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Reviewed and rejected: DERMAdoctor Picture Porefect

Is a Solution for:
Large Pores
Reviewed by Marta October 3, 2008 1 Comment
Within half an hour of using DERMAdoctor Picture Porefect ($40) on my nose to see if it would, indeed, minimize pores, I looked like I was auditioning for Bewitched. The itchiness that caused my nose to twitch as I tried to resist scratching it had been preceded by two other equally unpleasant sensations: the first was a tightness, as though my skin had shrunk; the second was stinging on one side of my nose.

I often find that DERMAdoctor's formulations are a little heavy-handed and this is no exception. Why stop at one alpha hydroxy acid (exfoliating agent) when you can squeeze in five. There is also retinol, which plays a similar role. No wonder I keep scratching my nose: the two major side effects of alpha hydroxy acids are irritation and sun sensitivity.  The FDA has issued the following guidelines for AHAs in cosmetics:

  • The AHA concentration is 10% or less

  • The final product has a pH of 3.5 or higher

  • The final product must have an effective sunscreen in the formulation or warn people to use sunscreen products


There is no sunscreen in Picture Porefect.

I am curious about the inclusion of aluminum zirconium tetrachlorohydrex glycine. This is an antibacterial used in deodorants. It is banned in Europe. DERMAdoctor's own website admits that aluminum products can cause irritation but goes on to claim that "aluminum zirconium tetrachlorohydrex glycine, is much better tolerated by the skin and less likely to cause irritation or acne". That may well be, but aluminum is still strongly associated with neurotoxicity, which is why Europeans aren't too keen on it.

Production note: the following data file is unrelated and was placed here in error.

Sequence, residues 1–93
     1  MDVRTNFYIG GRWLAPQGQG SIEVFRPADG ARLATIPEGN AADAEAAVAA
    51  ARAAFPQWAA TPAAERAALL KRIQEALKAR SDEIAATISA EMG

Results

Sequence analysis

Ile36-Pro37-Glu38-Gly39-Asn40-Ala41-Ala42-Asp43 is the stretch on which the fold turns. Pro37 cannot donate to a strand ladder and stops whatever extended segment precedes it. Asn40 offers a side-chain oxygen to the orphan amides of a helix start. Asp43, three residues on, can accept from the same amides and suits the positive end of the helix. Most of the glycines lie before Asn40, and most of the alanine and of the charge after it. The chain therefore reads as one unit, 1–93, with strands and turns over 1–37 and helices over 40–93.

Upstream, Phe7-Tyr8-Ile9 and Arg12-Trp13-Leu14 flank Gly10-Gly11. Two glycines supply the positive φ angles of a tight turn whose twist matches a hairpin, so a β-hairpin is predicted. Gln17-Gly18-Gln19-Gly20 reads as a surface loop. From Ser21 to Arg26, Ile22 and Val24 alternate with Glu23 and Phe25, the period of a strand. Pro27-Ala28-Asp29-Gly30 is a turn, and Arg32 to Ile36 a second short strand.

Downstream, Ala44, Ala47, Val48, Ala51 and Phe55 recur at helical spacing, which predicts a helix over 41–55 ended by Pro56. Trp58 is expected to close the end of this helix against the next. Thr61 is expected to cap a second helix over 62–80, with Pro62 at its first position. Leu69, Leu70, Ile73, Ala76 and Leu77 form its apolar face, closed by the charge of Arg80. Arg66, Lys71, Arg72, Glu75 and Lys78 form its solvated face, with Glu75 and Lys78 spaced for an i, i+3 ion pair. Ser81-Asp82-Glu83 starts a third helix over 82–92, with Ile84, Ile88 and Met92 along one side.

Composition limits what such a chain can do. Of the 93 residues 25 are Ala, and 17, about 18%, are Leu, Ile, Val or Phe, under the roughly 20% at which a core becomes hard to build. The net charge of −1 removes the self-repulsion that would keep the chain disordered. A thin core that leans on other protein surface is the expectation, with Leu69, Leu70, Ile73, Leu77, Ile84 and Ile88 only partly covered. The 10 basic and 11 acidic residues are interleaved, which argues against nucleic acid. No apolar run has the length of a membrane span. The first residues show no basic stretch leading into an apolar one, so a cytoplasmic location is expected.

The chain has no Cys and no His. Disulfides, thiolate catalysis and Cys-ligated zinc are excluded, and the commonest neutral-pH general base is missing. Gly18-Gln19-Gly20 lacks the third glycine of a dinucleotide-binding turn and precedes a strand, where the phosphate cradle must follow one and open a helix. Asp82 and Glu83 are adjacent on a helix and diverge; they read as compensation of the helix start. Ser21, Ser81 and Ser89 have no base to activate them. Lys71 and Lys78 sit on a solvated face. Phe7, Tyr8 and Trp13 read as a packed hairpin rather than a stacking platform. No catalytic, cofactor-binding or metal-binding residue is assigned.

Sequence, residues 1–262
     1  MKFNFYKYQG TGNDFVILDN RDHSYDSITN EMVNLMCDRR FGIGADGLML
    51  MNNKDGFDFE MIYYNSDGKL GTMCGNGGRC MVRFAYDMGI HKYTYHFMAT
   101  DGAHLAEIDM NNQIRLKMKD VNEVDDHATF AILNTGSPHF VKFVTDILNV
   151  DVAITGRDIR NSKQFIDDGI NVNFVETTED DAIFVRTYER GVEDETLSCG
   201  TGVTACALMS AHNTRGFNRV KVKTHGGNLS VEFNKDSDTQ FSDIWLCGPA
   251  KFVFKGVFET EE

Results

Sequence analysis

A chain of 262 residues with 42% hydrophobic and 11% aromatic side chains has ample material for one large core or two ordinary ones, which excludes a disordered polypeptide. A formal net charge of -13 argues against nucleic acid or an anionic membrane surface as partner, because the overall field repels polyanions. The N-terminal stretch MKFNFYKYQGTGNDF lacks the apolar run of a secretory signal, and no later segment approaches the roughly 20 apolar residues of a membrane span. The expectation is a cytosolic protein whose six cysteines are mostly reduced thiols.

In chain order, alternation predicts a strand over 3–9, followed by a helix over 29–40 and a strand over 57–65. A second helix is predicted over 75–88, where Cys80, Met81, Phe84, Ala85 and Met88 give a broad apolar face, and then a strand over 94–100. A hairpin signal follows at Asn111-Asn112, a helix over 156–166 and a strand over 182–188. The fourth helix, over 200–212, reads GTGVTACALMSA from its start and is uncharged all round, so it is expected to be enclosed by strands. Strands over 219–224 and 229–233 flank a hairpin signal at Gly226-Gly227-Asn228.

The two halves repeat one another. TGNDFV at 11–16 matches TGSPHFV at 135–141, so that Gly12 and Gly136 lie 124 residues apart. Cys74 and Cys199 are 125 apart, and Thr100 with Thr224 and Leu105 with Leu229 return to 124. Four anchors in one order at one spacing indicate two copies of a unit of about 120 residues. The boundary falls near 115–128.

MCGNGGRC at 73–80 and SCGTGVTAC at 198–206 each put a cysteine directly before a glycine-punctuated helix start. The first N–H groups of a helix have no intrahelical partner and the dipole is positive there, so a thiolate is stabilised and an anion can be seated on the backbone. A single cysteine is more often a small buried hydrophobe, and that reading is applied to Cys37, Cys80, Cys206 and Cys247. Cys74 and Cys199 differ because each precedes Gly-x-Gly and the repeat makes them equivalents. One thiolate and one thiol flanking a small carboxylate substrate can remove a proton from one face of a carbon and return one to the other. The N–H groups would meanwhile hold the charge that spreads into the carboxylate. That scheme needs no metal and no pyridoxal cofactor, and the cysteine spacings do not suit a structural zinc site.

Polyacrylamide is another eyebrow raiser. It is something you will also find in an injectible filler called Aquamid. One study suggests it can degrade under normal environmental conditions, releasing acrylamide, a known nerve toxin.

Ingredients in DERMAdoctor Picture Porefect

Aqua (Water), Butylene Glycol, Glycolic Acid, Sodium Glycolate, Azelaic Acid, Lactic Acid, Citric Acid, Tartaric Acid, Camellia Oleifera (Green Tree) Leaf Extract, Salix Nigra (Willow Bark) Extract, Polysorbate 20, Aluminum Zirconium Tetrachlorohydrex Glycine, Cyclopentasiloxane, Retinol, Glycerin, Hydroxyethylcellulose, Xanthan Gum, Acrylates Copolymer, Phenoxyethanol, Butylparaben, Ethylparaben, Methylparaben, Propylparaben, Polyacrylamide, C13-14 Isoparaffin, Laureth-7.
  • January 9, 2011

    by Shani

    I just want to leave a quick comment in case any other oily-skinned readers happen to come across this entry. I have resistant, not sensitive skin, and this product feels soothing, and it's never itched or burned my skin. I think it's fantastic for improving the appearance of my pores, and reducing oil breakthrough. I use it as a primer beneath sunscreen, or on top of sunscreen, and/or makeup. It helps mattifying the annoying grease from sunscreens, particularly zinc and titanium ones, and it smooths the bumpy, pore-ridden areas. The restrictions for use of Aluminum Zirconium Tetrachlorohydrex Glycine in antiperspirant preparations in Europe is exactly the same as it in the US: it cannot be used in aerosol products. The health concern comes from inhalation of AZG, not topical application.(http://www.cosmeticsdatabase.com/product/129529/Secret_Skin_Renewal_Invisible_Solid_Antiperspirant_&_Deodorant,_Velvet_Powder_Sticks/?prod_id=129529), (http://cosmeticsinfo.org/ingredient_more_details.php?ingredient_id=125)
    The concerns about Polyacrilamide were investigated in 2003, and it was determined that at the regulated concentration for use in cosmetics, it is safe. http://cosmeticsinfo.org/ingredient_details.php?ingredient_id=398
    A very small amount of product, topically applied, is needed for application, once a day.

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